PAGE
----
Ren has been an amazing part of my life since I was 12. I have met some of the most amazing people at ren. 3 out of my 4 bridesmaids I met at faire. I have met some pretty rotten people too, but that happens wherever you go, so you have to learn to take that with a grain of sand. I have gotten to travel to new and interesting places around the country just to go to a ren faire. I have collected more favors from friends I have met throughout the years than can now fit all at once on my hat. I have had the opportunity to perform and try different characters and make some people very happy. And I can’t wait to start bringing my kids to this world. It really is more than the costumes and food and music and atmosphere. It is, like I said, a lifestyle.
This is the only picture I can find on my hard drive of my first trip to Ren. I know I have a whole roll of photos somewhere from this trip that I will have to find some day.
I was hooked enough to go for the costume the next year. I think it’s fascinating to watch the progression of garb (read: the money I spent) as the years go by.
As you can see, I rocked the fairy look for a couple of years: (I think this one was 2004) Ironically, about 5 years later I would come back to this very same spot and do a fairy shoot with some friends, I’ll post those later.
2005 was the year I started working at the faire and the real obsession began.
2006, the year I graduated high school:
I can only find a handful of photos from 2007, which is okay because I had come back from my first year of college 30 pounds heavier (no joke) and so none of them are particularly flattering. So we’ll skip to the next year, which is when my pirate character, Zoë, started to take shape. See that gold corset, by the way? I spent the entire year previous paying that sucker off with tips. 2008 was a big year for me. I spent that summer working at ren faire and at Elitches, the local amusement park, on the entertainment crew. It was also the year I moved into my first apartment. It was an exciting summer to spend at ren faire but it was also exhausting.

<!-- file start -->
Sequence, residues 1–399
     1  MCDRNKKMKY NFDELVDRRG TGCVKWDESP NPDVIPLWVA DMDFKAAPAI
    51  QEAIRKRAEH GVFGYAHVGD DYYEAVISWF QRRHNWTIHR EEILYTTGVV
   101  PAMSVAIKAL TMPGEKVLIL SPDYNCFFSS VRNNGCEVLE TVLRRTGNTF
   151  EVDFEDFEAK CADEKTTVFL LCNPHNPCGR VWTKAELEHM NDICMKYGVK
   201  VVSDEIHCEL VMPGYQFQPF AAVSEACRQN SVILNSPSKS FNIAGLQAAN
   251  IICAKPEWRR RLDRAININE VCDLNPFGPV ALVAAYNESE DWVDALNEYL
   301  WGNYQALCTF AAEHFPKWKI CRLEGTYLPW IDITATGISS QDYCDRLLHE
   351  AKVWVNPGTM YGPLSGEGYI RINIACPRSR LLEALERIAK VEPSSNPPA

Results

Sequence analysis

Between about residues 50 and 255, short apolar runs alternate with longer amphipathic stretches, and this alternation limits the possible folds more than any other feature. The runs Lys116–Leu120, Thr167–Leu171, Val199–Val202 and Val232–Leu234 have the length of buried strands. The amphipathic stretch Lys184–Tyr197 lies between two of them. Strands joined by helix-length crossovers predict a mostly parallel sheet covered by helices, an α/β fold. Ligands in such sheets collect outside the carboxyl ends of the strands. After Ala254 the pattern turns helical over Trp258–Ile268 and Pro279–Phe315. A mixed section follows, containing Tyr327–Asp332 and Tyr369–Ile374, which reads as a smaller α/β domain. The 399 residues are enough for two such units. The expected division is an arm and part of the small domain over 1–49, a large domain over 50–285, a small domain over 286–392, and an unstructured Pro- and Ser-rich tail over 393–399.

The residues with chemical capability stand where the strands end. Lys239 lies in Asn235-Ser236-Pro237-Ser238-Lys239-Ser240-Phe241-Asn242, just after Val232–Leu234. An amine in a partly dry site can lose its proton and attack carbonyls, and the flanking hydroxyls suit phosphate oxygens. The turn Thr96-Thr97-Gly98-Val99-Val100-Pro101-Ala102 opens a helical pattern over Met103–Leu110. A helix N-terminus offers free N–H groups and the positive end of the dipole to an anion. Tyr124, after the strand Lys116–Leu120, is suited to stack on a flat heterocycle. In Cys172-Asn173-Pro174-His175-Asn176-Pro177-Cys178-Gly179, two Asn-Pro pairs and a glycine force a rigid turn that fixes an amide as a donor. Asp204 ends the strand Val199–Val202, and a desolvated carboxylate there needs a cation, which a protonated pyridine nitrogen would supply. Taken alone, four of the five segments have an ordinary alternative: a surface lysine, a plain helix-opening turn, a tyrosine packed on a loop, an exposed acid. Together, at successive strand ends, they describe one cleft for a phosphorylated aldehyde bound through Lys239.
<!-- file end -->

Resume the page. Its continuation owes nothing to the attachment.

2008 was also the first year of the Santa Fe renaissance festival, which has to this day been my favorite faire ever. I took my pirate character there and got to play around for 2 days and it was just spectacular.
In 2009 my whole family traveled to the Arizona ren faire in February. It wasn’t the first time I’d gone to a big faire (Santa Fe is quite small) outside of Colorado, I’d gone to one of the faires in New York in 2006, but it was the first time where I got to meet people from the ren enthusiasts’ online forum, where I’d been an active member for several years.
Back at Colorado, 2009 was another exciting year. I was made supervisor at my booth and I worked with some great people. I started dancing this year, and I was feeling very good. I even had a [short-lived] romance this summer. I can always tell when the summer was particularly good, because there are a lot of pictures. I probably have more pictures from 2009 than any other year.
2009 was the year I introduced my fairy character, Fritzie. She was born out of a photo shoot done with a very good friend of mine, Charlotte, who is (the best, if I may say so) face painter at the faire.
(In this picture I’m standing on the exact same chain I was sitting on in the picture from 2004.)
Later that year I took Fritzie to the Santa Fe faire too.
Also that year, I went to the Maryland Faire for the first time, for a gathering of the online community called Rendezvous. I am still longing to go back to that faire. (Luckily, a few friends are about to move to Baltimore, which may mean I’ll have an excuse to visit in a few years.)
2010 was the year that things started to peter down for faire in a weird way. For me, a big part of it was that it was the year I met Cameron, and I was definitely no longer using faire as a potential place to flirt and find romances. Many of the great girls I had worked with for so many years were also starting to work in the beer booths and I didn’t see them as much. We did attend Arizona in the spring and Santa Fe in the fall. But like I said, the number of pictures I have of a particular year is an indicator of how good the year was–and I have very slim pickins as far as that year goes. Also, early this particular year, I had a very upsetting falling out with someone with whom I had previously been very good friends with through faire, and due to the fact that it had to do with a very unwelcome sexual advance that took place at faire, it put a very bad taste in my mouth for me and I found myself not enjoying it as much as I always had. It took me a really long time to come back from that one.